Talks on a power-sharing deal between Afghanistan's rival
presidential candidates have collapsed, a top leader said,
rekindling fears of ethnic unrest over disputed election
Under the terms of a deal brokered by US Secretary of State
John Kerry, the runner-up in the vote was to name a "chief
executive" in a national unity government conceived to keep
the lid on political tensions.
Abdullah Abdullah was runner-up in the official election
results. Mohammad Mohaqeq, one of Abdullah's vice
presidential running mates, told Reuters the two sides could
not agree on the powers of the chief executive, accusing the
camp of election winner Ashraf Ghani of hardening its
"The talks collapsed two days ago. The political process is
now at a stalemate, we don't see any way out," Mohaqeq, a
leader of the minority Hazara community, said in an interview
in Kabul, as a months-long power struggle to succeed
President Hamid Karzai showed no signs of a resolution.
The breakdown in negotiations on a political deal comes days
after Abdullah's team walked out of a U.N. audit of votes
from a June 2 run-off ballot, saying it was dissatisfied with
the way that fraudulent votes were being handled.
Together, the two failures have left the US-mediated deal in
tatters and deepened the uncertainty about when President
Hamid Karzai can hand over power to a successor.
Karzai had earlier planned Tuesday as the inauguration day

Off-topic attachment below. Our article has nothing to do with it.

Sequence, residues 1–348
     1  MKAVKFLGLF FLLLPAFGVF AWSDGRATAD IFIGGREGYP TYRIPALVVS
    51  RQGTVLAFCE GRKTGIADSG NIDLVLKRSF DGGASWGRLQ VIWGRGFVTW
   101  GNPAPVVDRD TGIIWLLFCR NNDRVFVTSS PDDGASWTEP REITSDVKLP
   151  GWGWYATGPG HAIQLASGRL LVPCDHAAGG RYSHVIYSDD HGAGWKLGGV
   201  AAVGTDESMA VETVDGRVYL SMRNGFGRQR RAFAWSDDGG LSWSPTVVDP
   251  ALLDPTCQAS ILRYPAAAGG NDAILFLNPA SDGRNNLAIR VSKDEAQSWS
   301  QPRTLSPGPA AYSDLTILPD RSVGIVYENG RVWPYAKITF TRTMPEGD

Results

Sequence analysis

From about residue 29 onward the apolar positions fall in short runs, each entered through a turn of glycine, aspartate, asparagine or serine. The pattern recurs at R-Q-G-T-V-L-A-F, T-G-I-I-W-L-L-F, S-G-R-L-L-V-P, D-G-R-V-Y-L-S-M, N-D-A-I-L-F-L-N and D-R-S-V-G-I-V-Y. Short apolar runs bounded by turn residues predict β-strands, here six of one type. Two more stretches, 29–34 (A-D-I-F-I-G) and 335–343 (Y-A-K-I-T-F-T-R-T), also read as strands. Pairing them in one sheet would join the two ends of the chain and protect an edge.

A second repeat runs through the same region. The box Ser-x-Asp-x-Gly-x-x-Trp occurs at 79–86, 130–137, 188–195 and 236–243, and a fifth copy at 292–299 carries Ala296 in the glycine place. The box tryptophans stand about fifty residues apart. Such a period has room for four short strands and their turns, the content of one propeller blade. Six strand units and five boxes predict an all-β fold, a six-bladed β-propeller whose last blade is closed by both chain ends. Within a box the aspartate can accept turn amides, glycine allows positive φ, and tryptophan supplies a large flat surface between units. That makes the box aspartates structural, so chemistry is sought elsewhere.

for the new president, in time for him to attend a NATO
summit in Wales two days later. But that was pushed back
after the United Nations said it would be able to complete
the audit only by around Sept. 10.
Karzai is not going to quit power without the completion of
the process, a spokesman said.
"The President is not considering the step down before the
official transfer of power to the new Afghan President. It is
unconstitutional to step down before officially transferring
the power to his successor," Aimal Faizi said in a statement.
The deadlock comes as the United States, Kabul's biggest aid
donor, and other NATO nations withdraw their troops after
nearly 13 years of fighting Taliban insurgents.
FEARS OF ETHNIC CONFLICT
Officials and diplomats fear it could trigger conflict along
ethnic lines, on top of the insurgency.
"Announcing the results based on fraudulent means endangers
the whole process and takes the country deeper into crisis.
It is in no one's interest. It will divide Afghanistan,"
Ghani, a former finance minister and World Bank economist, is
a member of Afghanistan's biggest ethnic group, the Pashtuns,
who make up of most of the population in the south and east.
Abdullah is part Pashtun and part ethnic Tajik, but draws
most of his support from Tajiks, the Hazaras and other
smaller ethnic groups, largely in the centre and north.
Under the terms of the deal agreed during Kerry's visit in
July, the chief executive would share control with the
president over some key decisions, such as nominating the
heads of the Afghan security forces.
But it was left to the two campaigns to work out the
specifics of power-sharing.
Ghani has said the language of the document signed during
Kerry's visit was ambiguous and it was up to the two teams to
work out the details. His spokesman Tahir Zaheer dismissed
the Abdullah campaign's demands as unconstitutional.
Chaos in Afghanistan as Western forces pull out would be a
political blow for those countries which have spent billions
of dollars and lost about 3,500 soldiers in a bid to bring
peace and stability after Taliban rule.